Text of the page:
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The Intellectual Foundations of Alfred Marshall's Economic Science
A Rounded Globe of Knowledge

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Part of Historical Perspectives on Modern Economics

  • Date Published: July 2009
  • availability: In stock
  • format: Hardback
  • isbn: 9780521760089

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About the Authors
  • This book provides a contextual study of the development of Alfred Marshall’s thinking during the early years of his apprenticeship in the Cambridge moral sciences. Marshall’s thought is situated in a crisis of academic liberal thinking that occurred in the late 1860s. His crisis of faith is shown to have formed part of his wider philosophical development, which saw him supplementing Anglican thought and mechanistic psychology with Hegel’s Philosophy of History. This philosophical background informed Marshall’s early reformulation of value theory and his subsequent wide-ranging reinterpretation of political economy as a whole. The book concludes with the suggestion that Marshall’s mature economic science was conceived by him as but one part of a wider, neo-Hegelian, social philosophy.

    • Takes a completely novel, controversial view of the writings of Alfred Marshall, one of the greatest economic theorists of all time
    • Contextualizes Marshall's thinking for broad audience, e.g. history of ideas, history and philosophy of science, British history, social history, history of economic and political thought
    • Integrates Marshall's life, thinking, and history with Victorian, Edwardian, and post-Edwardian history
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    Awards

    • Winner of the 2011 ESHET Best Monograph Award

    Reviews & endorsements

    “This careful analysis of Marshall’s early writings offers a fresh perspective on the evolution of his ideas. For anyone who wants to understand the intellectual environment out of which Marshall’s economics arose, this book is essential reading.” – Roger Backhouse, University of Birmingham

    “Simon Cook has identified the distinct and widely varying strands of Marshall’s intellectual and social vision and rewoven them into a piece of whole cloth. This effectively redraws the map of Marshallian scholarship.” – Neil De Marchi, Duke University

    “An accurate, thoughtful, and fascinating account of the intimate and intricate connections between Marshall’s political economy and the development of his philosophical thinking. A landmark in Marshallian scholarship.” – Maria Cristina Marcuzzo, Università di Roma “La Sapienza”

    “Simon Cook’s richly contextualized examination of the intellectual foundations of Marshall’s economics challenges conventional views of Marshall and opens up new paths to understanding the man and his work. Cook’s probing examination of Marshall’s intellectual development is required reading for any scholar interested in Marshall the man, his system of economic analysis, and his legacy in modern economics.” – Steven G. Medema, University of Colorado, Denver

    “This reconstruction of the foundations of Alfred Marshall’s social philosophy is the product of original research on the manuscripts that reveal the breadth and depth of Marshall’s intellectual concerns during his apprenticeship years. In addition to being a thorough contextual study of the intellectual origins of Marshall’s better-known economic writings, Simon Cook’s book helps to explain those pervasive idealistic and historical dimensions to Marshall’s work that have often perplexed even his closest followers.” – Donald Winch, University of Sussex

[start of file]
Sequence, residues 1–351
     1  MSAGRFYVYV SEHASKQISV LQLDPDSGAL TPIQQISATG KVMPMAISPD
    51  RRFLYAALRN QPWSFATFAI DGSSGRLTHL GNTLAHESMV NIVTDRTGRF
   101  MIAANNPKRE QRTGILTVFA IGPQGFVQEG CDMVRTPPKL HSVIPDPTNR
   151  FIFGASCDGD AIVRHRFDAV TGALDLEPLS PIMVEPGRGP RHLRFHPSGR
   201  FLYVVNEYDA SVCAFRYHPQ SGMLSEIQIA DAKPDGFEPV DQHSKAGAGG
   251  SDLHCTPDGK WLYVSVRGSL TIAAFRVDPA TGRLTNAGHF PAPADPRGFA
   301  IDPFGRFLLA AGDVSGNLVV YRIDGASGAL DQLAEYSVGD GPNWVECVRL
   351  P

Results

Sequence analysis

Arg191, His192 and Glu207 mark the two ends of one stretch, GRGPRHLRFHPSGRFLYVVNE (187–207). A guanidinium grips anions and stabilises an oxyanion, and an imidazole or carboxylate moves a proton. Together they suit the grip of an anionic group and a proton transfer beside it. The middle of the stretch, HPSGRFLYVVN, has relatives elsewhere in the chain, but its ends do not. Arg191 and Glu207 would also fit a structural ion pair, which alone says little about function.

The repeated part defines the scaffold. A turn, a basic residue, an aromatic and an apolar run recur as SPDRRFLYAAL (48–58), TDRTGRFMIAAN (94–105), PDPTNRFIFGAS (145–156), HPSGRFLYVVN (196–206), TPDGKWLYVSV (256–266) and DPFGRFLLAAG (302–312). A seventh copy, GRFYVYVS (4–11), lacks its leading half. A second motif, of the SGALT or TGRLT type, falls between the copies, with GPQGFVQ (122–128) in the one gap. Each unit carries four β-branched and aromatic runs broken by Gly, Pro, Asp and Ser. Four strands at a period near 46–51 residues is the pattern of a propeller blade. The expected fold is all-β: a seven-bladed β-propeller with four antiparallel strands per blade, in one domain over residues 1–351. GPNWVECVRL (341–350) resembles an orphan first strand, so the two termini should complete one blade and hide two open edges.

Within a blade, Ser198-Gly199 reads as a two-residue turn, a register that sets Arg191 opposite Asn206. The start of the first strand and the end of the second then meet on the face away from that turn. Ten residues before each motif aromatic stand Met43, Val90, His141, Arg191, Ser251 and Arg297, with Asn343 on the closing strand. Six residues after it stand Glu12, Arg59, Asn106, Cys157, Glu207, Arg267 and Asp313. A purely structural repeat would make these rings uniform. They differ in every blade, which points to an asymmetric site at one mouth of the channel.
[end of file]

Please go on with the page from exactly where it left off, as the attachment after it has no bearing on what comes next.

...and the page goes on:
"Alfred Marshall is no doubt an economist whose thought is highly intricate, with plenty of facets, and an inquiry into is background is really welcomed as a way of disentangling some of this complexity. In this respect, Cook's book is, therefore, absolutely welcome.... It is extremely detailed, clearly the result of a hard work done on several texts and manuscripts." - EH.net

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    Product details

    • Date Published: July 2009
    • format: Hardback
    • isbn: 9780521760089
    • length: 350 pages
    • dimensions: 237 x 162 x 23 mm
    • weight: 0.61kg
    • availability: In stock
  • Table of Contents

    Introduction
    Part I. The Contexts of Marshall's Intellectual Apprenticeship:
    1. The state of long-term memories
    2. A liberal education
    Part II. Dualist Moral Science:
    1867–71:
    3. Mental crisis
    4. The way of all flesh
    5. Political economy
    Part III. Neo-Hegelian political economy:
    1872–3:
    6. A philosophy of history
    7. Missing links: the education of the working classes
    Epilogue. 'A Rounded Globe of Knowledge':
    8. Social philosophy and economic science.

  • Author

    Simon J. Cook
    Simon J. Cook is a Postdoctoral Fellow at the Cohn Institute for the History and Philosophy of Science and Ideas, Tel-Aviv University. He previously taught for five years at Duke University. Dr Cook received his Ph.D. from the Faculty of History at the University of Cambridge.

    Awards

    • Winner of the 2011 ESHET Best Monograph Award

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